A dad-of-two who survived coronavirus when his wife refused to turn off his life support has described how he battled the disease for months in hospital.
Adam Banks, 39, had to learn to walk, talk and swallow again after being struck down with Covid-19 in January.
He spent three months in hospital – including five weeks in a coma – while doctors fought to save him.
Mr Banks’ wife Marie had been faced with the decision to stop his treatment as his lungs began to shut down.
‘She refused and begged them to come up with another option,’ Mr Banks, who lives with his wife and two teenage children in Hutton Rudby, North Yorkshire, said.
‘My lungs had collapsed by around 90% and I was ventilated within days of being admitted to James Cook Hospital.’
In a final attempt to save him, Mr Banks was transferred to a hospital in Leicester, where doctors put him on an extracorporeal membrane oxygenation machine (ECMO) to keep his lungs and heart working.
Being comatose for most of his treatment, Mr Banks was unaware of his condition and the huge effort to keep him alive.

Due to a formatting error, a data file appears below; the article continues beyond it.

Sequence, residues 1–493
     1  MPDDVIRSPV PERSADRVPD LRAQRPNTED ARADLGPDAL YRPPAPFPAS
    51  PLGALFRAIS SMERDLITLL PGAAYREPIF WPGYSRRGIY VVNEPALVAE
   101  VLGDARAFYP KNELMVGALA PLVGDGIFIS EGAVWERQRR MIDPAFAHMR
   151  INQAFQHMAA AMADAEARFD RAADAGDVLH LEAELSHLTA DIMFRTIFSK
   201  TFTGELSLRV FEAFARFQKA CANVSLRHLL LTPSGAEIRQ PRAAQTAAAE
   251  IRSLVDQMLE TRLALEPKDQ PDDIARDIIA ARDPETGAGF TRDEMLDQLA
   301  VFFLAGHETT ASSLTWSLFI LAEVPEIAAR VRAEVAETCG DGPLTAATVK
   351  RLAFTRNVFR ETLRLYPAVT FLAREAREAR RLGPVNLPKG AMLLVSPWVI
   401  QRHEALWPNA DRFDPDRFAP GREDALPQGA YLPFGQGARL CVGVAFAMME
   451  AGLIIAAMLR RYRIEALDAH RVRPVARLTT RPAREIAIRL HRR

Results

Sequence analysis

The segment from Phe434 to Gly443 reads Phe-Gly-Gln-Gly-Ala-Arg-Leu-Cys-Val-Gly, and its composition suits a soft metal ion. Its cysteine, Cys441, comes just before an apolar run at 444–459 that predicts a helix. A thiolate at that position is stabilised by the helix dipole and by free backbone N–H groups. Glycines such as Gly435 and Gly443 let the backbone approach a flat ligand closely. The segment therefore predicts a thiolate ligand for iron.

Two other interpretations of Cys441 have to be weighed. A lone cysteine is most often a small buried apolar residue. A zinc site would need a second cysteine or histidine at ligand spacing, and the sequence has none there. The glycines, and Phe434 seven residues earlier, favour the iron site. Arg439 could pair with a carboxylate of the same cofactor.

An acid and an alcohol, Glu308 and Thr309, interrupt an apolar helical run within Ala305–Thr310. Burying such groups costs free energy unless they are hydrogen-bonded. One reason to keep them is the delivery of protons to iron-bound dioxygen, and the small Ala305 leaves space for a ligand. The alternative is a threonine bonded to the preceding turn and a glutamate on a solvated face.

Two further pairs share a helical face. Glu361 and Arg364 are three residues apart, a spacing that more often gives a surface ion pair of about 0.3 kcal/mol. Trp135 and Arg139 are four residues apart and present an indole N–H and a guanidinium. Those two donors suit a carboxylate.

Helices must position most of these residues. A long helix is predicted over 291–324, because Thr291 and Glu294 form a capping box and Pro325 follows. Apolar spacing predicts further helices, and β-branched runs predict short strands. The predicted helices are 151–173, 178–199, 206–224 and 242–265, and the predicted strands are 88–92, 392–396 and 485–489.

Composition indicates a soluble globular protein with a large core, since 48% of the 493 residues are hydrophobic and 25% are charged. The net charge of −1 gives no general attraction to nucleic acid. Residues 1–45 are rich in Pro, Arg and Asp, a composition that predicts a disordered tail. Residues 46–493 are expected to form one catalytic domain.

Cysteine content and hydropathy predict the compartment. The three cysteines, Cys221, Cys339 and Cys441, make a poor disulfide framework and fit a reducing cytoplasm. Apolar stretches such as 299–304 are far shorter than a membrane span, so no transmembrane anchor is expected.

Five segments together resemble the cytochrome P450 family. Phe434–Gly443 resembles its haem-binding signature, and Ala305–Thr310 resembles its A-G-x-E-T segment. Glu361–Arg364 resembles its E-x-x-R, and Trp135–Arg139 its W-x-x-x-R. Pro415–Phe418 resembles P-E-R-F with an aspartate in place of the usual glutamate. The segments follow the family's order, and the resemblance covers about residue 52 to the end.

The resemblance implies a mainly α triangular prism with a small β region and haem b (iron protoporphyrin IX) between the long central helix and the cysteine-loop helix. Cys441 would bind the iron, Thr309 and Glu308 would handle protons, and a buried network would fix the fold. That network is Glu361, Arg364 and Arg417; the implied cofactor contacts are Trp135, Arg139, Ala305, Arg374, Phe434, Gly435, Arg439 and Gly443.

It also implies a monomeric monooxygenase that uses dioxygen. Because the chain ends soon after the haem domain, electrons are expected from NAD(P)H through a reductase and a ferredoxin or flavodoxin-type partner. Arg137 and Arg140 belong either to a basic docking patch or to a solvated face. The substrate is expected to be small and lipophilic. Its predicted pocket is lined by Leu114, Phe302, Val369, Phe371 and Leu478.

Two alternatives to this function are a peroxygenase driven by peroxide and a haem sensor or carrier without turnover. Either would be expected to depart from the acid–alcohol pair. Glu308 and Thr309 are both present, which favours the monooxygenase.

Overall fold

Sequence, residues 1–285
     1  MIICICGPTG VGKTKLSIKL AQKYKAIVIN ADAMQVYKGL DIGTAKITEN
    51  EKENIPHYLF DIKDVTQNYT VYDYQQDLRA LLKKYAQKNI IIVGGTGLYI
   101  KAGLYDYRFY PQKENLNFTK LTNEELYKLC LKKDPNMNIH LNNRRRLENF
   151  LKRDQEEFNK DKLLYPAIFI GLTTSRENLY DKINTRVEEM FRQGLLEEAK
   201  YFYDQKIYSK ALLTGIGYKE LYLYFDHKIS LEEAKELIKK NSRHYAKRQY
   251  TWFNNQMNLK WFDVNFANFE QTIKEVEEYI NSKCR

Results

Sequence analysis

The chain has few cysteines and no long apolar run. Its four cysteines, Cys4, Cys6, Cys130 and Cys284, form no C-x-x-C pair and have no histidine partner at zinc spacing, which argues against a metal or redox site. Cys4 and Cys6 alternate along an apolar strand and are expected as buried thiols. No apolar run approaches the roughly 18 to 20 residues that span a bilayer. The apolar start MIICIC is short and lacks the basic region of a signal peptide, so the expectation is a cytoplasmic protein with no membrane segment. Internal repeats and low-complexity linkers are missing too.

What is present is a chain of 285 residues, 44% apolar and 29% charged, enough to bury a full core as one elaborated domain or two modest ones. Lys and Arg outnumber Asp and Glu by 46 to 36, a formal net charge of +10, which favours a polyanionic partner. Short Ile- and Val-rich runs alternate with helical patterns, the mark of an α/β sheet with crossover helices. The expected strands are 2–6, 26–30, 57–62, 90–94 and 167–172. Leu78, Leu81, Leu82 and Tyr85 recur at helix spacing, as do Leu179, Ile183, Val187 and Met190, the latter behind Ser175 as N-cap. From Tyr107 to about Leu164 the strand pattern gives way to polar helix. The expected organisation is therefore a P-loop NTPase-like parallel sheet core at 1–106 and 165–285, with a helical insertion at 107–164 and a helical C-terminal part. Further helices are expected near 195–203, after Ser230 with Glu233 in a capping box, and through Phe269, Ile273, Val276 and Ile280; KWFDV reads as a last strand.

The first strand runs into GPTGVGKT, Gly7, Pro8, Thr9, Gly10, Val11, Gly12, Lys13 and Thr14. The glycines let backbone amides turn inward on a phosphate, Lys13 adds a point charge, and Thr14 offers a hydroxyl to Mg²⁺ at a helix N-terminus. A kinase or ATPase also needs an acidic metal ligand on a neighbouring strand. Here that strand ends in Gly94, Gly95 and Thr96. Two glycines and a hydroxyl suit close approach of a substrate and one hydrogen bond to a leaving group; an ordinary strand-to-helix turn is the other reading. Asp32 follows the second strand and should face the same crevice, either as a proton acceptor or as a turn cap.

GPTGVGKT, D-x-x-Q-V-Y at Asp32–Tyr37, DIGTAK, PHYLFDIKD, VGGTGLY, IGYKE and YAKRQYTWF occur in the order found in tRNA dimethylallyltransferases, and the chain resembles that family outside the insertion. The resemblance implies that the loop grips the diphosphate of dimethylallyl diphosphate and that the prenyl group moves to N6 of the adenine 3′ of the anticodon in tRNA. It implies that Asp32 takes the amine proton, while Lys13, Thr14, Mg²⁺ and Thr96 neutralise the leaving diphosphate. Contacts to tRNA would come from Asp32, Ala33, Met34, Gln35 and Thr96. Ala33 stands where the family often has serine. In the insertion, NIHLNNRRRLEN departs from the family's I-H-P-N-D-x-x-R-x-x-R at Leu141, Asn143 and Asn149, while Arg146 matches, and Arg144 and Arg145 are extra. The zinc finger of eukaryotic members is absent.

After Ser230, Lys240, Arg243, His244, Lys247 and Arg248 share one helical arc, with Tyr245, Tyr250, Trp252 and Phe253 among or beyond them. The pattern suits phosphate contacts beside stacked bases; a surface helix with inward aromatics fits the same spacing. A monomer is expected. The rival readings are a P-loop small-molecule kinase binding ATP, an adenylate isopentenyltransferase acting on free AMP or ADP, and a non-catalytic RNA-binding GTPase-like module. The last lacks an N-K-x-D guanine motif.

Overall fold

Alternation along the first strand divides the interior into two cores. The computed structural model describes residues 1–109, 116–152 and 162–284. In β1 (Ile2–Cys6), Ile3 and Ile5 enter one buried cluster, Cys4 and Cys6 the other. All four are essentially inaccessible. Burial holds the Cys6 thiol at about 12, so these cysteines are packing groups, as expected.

He shared before-and-after photos showing the shocking impact coronavirus had on his body after he lost five stone during his ordeal
Mr Banks, who works in the building industry, added: ‘After the ECMO therapy I was brought back to Middlesbrough but I was paralysed from the neck down.
‘I hadn’t eaten in two-and-a-half months, and my voice box had collapsed from the treatment so I spent around two weeks back in intensive care to build some strength up and learn how to walk.’
He was finally discharged from hospital on April 19 but still had a long road to recovery ahead of him.
He said: ‘I was very weak in a wheelchair and could only have bed baths at home,” he added.
‘I only came off oxygen a week ago and even now I don’t have the strength do anything; even taking a lid off a bottle is a struggle.
‘I’m under the long Covid clinic and I’ve been told it will take around 18 months until I start to feel normal again.’
Teacher assistant Marie, 39, also tested positive for Covid which meant she couldn’t visit her husband in hospital.
She said: ‘We were all just so scared as we didn’t know what was going to happen from one minute to the next.
‘I was convinced that he would be taken into hospital, given some oxygen then brought home; I never imagined it would turn out the way it did.’
Mr Banks was doubled vaccinated by July which he said makes him feel ‘much more protected’ from the disease.